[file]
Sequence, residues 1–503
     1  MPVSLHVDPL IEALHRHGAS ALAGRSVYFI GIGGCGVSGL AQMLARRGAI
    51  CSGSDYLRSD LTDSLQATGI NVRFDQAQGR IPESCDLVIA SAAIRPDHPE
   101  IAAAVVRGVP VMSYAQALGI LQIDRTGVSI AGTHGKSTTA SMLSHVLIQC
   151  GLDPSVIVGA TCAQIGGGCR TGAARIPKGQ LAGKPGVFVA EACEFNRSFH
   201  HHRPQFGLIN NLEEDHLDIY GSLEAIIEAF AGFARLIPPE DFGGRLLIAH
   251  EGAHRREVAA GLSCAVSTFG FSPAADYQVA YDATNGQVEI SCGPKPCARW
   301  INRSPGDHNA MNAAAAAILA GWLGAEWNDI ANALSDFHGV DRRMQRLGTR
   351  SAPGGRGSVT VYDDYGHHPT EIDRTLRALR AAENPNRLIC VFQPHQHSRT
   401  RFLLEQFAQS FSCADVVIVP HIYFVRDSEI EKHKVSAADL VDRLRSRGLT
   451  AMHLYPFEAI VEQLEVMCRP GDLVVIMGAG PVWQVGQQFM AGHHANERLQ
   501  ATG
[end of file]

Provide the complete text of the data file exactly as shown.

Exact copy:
Sequence, residues 1–503
     1  MPVSLHVDPL IEALHRHGAS ALAGRSVYFI GIGGCGVSGL AQMLARRGAI
    51  CSGSDYLRSD LTDSLQATGI NVRFDQAQGR IPESCDLVIA SAAIRPDHPE
   101  IAAAVVRGVP VMSYAQALGI LQIDRTGVSI AGTHGKSTTA SMLSHVLIQC
   151  GLDPSVIVGA TCAQIGGGCR TGAARIPKGQ LAGKPGVFVA EACEFNRSFH
   201  HHRPQFGLIN NLEEDHLDIY GSLEAIIEAF AGFARLIPPE DFGGRLLIAH
   251  EGAHRREVAA GLSCAVSTFG FSPAADYQVA YDATNGQVEI SCGPKPCARW
   301  INRSPGDHNA MNAAAAAILA GWLGAEWNDI ANALSDFHGV DRRMQRLGTR
   351  SAPGGRGSVT VYDDYGHHPT EIDRTLRALR AAENPNRLIC VFQPHQHSRT
   401  RFLLEQFAQS FSCADVVIVP HIYFVRDSEI EKHKVSAADL VDRLRSRGLT
   451  AMHLYPFEAI VEQLEVMCRP GDLVVIMGAG PVWQVGQQFM AGHHANERLQ
   501  ATG